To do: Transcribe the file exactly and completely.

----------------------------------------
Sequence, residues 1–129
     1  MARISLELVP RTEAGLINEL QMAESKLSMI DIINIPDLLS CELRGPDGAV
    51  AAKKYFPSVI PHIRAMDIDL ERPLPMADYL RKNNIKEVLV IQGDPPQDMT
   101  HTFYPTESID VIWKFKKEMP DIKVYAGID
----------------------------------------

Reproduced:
Sequence, residues 1–129
     1  MARISLELVP RTEAGLINEL QMAESKLSMI DIINIPDLLS CELRGPDGAV
    51  AAKKYFPSVI PHIRAMDIDL ERPLPMADYL RKNNIKEVLV IQGDPPQDMT
   101  HTFYPTESID VIWKFKKEMP DIKVYAGID